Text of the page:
Arts: Visual Arts

The Visual Arts program focuses on skills development and the enhancement of creativity. To that end, we offer entry level courses in a wide variety of media. Advanced study is available in several areas, and students interested in pursuing work in-depth should consider Junior Portfolio and Senior Studio. Students are encouraged to record their ideas in journals and sketchbooks and to assemble portfolios containing a history of their creative accomplishments.

Requirements

Students are required to complete four semesters in the arts, although most take more. Ninth graders select one arts course each semester from foundation electives in music, theater, and the visual arts. They may also join Parksingers, participate in theater productions in winter and spring, and take advanced classes. 

Upperclassmen must complete their arts requirements prior to the second semester of senior year. Independent studies are limited and are only available to students who have fulfilled their arts requirement and wish to pursue advanced work. 

All students should read course descriptions carefully to determine eligibility. Accelerated courses are so designated. Please note that certain elective courses require a materials fee.

Full Year Course

Senior Studio (Acc)

Grade: 12                                                          

Prerequisite:  Permission of the department.

This accelerated course is for highly experienced students who wish to pursue work toward the completion of a portfolio for college applications or for archival purposes. Conceptual problems are presented and students are free to explore them in media of their own choosing, integrating skills developed in earlier arts classes. The emphasis is on critical and analytical thinking and the development of a personal style. The course is open to students with experience in 2-D, 3-D, or arts technology courses. An ability to work independently and outside class is essential. This course culminates with Senior Shows, a celebration of seniors in making, editing, and exhibiting their work.

Fall Semester Courses

Art History: Recurring Themes

Grades: 10-12

More than ever before, we live in a world of manmade appearance, and whether we are conscious of it or not, what we see affects us. In this course, the ultimate question is this: how does art (from painting and architecture to advertising and fashion) influence our sense of reality and identity and shape our desires? To approach this question in a manageable way, students will examine three or four major themes that recur throughout art history, such as Sacred Space, The Body, Power and Protest, and The Natural World. Students will study a broad range of works, comparing the ways artists from different time periods and cultures have responded to each theme. They will examine, discuss, read, and write about art, and may even make some art, too. This course can be taken for art or history credit.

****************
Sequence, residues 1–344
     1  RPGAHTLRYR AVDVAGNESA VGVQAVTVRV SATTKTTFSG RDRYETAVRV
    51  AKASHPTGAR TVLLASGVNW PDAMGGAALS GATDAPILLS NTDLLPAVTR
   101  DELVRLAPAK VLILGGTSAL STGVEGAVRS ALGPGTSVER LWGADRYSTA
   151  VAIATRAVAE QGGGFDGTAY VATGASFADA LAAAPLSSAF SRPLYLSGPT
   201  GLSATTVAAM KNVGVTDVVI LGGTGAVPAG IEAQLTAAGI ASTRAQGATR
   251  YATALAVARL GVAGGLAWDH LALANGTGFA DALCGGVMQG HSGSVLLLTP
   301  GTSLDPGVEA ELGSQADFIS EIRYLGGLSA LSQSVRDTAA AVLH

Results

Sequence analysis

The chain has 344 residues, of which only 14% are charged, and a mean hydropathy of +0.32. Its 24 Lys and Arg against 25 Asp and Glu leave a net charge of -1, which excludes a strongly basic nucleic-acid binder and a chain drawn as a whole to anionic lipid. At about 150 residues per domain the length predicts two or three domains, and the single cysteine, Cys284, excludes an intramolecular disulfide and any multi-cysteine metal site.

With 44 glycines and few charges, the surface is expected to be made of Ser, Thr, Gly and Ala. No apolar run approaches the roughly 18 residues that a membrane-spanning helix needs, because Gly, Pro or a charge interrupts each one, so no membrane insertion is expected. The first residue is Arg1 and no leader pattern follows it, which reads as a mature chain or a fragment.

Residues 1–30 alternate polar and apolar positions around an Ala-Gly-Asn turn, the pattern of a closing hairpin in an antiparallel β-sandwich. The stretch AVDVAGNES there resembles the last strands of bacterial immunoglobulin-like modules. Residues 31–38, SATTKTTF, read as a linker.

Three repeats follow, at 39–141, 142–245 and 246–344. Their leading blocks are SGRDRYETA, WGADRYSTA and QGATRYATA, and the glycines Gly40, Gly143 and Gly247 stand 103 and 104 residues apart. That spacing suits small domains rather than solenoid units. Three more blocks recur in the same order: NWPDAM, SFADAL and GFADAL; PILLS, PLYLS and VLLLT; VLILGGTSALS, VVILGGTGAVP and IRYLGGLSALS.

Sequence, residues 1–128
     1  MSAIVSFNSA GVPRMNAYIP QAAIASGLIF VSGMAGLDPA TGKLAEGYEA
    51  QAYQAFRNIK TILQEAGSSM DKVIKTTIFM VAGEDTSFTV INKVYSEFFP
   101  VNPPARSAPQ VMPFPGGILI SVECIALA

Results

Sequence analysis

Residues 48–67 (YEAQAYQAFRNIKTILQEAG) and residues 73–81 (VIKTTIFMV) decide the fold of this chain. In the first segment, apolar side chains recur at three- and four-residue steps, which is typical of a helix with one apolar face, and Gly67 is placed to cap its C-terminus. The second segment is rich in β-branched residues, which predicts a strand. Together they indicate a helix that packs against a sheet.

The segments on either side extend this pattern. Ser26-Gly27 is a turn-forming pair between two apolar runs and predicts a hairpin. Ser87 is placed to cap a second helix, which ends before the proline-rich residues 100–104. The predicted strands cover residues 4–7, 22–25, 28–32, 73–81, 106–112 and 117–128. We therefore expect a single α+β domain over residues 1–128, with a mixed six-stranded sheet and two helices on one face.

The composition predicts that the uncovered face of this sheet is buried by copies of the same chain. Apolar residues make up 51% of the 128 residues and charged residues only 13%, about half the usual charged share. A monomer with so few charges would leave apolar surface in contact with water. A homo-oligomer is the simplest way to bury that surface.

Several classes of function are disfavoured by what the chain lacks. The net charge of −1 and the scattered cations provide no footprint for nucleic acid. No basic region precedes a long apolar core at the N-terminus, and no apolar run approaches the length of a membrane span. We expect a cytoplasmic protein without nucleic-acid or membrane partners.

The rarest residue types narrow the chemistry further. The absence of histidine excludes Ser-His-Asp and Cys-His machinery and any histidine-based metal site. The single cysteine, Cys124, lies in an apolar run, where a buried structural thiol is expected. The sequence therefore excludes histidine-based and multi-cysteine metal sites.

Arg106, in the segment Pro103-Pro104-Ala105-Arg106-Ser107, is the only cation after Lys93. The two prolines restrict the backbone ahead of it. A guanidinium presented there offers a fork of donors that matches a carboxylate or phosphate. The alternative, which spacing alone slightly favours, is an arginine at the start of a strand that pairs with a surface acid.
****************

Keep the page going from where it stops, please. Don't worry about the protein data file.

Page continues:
CERAMICS

Grades: 9-12

Students become acquainted with the basic techniques and skills of using clay to create both functional and non-functional objects. Design principles, hand-building methods, safety, and studio etiquette are covered. In the second half of the semester, basic glaze theory and some wheelwork are explored. An emphasis is placed on personal expression and skill consistency. Students keep a sketchbook/journal throughout this course, and will record all work in a digital portfolio. (This course may be repeated with permission of the instructor.)

darkroom photography

Grades: 10-12

This course introduces students to black and white film photography and 35mm SLR camera techniques. Students learn how to determine a correct exposure, control depth of field and motion, process film, and finally, learn the various procedures to make a print from a black and white negative. Students are asked to consider photography as a method for personal expression while also examining photography as a means of visual communication. Grades and comments are based on assigned projects and student growth in technical and communication skills as measured by a series of group critiques conducted throughout the term. All students are required to have a 35 mm camera whose aperture, shutter speed, and film speed can be controlled manually. The school will rent cameras to students who need them. (This course may be repeated with permission of the instructor.)

Design thinking

Grades: 9-12

Design is everywhere – in books, at the supermarket, on the interstate, and on the internet. If humans made it, design played a role. This course examines design in two parts. The first half of the course is dedicated to learning about design concepts in a hands-on manner that emphasizes construction, clarity, composition, and critique. The second half of the course takes place in the digital lab where, after some extensive tutorials, students work in groups on a larger print production project using Adobe Illustrator. The course ends with a bang: a digital project with a real client and a class field trip to IKEA. (This course may be repeated with permission of the instructor.)